Your Inner Critic – that Judging Voice in Your Head

So tell me, how do you feel about those inner voices, the ones trapped inside your head? You’re not alone in experiencing them, we all do. Often it’s a complex series of voices, and we can’t actually tell who is projecting the opinions and beliefs, and then, there is this ringmaster of sorts, taking over the show and pulling them all in line. Often for many of us, it’s the inner critic, a judge who determines what is right, what is wrong, what you’re not capable of, and what you’re limited to. This controller takes over and runs the show. Do you know it, have you experienced what I am talking about? It may come through as a male, female, a wicked witch, a parent, a teacher, a tone and attitude that is capable of controlling you to some extent, even paralysing you, or simply waving a wand making you believe things that aren’t true.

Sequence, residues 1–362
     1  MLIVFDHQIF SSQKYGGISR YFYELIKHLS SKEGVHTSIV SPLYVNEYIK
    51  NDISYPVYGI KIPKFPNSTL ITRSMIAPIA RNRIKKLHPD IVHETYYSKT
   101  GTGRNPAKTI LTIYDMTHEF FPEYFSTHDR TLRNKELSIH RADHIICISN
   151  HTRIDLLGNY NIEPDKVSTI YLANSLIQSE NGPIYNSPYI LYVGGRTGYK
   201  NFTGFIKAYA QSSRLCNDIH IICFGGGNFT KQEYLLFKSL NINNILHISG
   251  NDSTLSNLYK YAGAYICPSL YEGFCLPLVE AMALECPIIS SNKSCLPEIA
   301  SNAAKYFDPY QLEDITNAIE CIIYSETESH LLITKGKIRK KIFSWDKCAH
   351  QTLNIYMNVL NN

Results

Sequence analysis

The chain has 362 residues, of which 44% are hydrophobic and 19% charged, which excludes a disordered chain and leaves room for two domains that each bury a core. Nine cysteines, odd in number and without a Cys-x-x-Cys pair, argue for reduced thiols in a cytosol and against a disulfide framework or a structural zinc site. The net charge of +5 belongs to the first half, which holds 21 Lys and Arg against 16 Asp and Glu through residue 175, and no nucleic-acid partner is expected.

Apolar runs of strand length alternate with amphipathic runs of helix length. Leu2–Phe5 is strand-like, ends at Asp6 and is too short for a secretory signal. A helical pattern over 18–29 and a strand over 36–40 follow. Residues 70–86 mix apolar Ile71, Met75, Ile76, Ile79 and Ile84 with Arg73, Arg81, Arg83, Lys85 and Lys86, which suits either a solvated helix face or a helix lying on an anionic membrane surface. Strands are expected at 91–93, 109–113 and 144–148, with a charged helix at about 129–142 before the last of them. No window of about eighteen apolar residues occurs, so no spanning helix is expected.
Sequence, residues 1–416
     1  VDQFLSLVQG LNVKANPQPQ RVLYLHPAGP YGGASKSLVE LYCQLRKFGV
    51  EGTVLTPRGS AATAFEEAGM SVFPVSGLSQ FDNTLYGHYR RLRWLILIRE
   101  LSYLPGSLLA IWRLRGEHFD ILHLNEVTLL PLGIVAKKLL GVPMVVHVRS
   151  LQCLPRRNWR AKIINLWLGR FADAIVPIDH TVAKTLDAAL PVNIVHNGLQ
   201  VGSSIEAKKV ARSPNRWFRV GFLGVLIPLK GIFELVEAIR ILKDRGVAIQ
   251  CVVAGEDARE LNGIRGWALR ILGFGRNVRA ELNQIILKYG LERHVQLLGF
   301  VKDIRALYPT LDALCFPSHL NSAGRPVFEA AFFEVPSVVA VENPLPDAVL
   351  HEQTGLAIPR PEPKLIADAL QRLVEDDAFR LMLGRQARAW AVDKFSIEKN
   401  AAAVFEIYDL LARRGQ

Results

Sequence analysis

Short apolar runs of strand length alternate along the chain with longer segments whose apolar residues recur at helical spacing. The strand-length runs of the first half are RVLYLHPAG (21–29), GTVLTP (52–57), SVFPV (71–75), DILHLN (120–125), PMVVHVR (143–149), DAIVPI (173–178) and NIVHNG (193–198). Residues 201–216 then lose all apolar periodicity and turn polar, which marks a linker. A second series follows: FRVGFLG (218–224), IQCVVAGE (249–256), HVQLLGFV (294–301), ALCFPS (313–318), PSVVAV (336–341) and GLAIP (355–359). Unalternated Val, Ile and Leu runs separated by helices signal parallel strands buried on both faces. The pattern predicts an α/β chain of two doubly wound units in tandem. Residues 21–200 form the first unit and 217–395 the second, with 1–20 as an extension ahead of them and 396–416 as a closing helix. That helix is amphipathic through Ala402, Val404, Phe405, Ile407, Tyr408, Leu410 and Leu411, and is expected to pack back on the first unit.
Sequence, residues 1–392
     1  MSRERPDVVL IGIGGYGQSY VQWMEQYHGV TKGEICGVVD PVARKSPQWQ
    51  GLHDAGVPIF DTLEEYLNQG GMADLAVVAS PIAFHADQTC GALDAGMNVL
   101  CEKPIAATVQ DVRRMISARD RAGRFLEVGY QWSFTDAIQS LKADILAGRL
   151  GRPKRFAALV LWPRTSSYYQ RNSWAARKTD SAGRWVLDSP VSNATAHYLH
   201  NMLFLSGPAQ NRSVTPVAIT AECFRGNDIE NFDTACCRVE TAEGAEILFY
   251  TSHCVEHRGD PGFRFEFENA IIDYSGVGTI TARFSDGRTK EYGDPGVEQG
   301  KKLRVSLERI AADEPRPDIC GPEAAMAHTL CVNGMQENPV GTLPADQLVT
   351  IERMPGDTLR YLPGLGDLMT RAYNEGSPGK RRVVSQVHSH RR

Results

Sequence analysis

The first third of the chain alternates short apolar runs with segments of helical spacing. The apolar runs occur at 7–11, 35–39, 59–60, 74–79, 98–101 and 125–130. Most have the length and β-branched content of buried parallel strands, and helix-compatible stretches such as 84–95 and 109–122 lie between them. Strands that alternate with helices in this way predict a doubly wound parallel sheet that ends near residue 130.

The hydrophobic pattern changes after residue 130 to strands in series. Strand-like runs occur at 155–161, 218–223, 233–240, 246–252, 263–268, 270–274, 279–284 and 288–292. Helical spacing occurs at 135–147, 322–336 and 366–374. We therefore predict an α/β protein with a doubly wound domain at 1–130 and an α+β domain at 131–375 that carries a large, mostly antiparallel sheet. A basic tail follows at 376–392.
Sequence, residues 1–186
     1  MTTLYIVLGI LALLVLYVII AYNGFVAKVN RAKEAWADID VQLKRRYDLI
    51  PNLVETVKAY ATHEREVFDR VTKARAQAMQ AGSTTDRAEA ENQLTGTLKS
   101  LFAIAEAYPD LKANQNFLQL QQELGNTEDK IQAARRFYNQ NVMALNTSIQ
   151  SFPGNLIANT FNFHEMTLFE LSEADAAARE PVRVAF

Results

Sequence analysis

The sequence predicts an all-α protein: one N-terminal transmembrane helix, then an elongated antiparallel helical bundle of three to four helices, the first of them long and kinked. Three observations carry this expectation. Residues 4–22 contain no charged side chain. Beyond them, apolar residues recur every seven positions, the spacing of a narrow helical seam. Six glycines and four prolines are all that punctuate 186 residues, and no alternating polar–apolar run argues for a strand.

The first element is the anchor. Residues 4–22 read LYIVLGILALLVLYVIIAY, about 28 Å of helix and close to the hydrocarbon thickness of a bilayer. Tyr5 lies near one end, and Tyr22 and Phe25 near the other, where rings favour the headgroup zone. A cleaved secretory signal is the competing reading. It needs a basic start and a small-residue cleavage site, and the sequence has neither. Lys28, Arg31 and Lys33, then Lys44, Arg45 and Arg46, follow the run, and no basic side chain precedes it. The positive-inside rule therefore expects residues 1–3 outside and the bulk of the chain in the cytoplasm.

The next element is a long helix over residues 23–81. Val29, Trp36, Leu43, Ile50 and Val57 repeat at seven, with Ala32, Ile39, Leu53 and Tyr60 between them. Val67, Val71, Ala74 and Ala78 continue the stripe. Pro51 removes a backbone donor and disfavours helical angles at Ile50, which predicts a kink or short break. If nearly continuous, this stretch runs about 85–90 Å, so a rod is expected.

Your Inner Critic has a persona

For me, I used see it as both a visual and a sound, it was like a judge’s gavel, each time I thought about what I wanted this smash came plummeting down, ‘you can’t do that!’, ‘that’s absurd!’, ‘are you for real?’ and it would knock me back into small thoughts. It was a really painful experience, one I wasn’t even aware I was doing for a long time, sentencing myself so to speak. Once I actually started to become aware of it, I was able to dialogue with it, understand its motives and ascertain if I wanted to take on its mission. This was a process that took a while to learn and understand. Every day I need to be cautious of letting it back in, or what I prefer to try instead – to harness it to my advantage.

Ways to be aware and manage it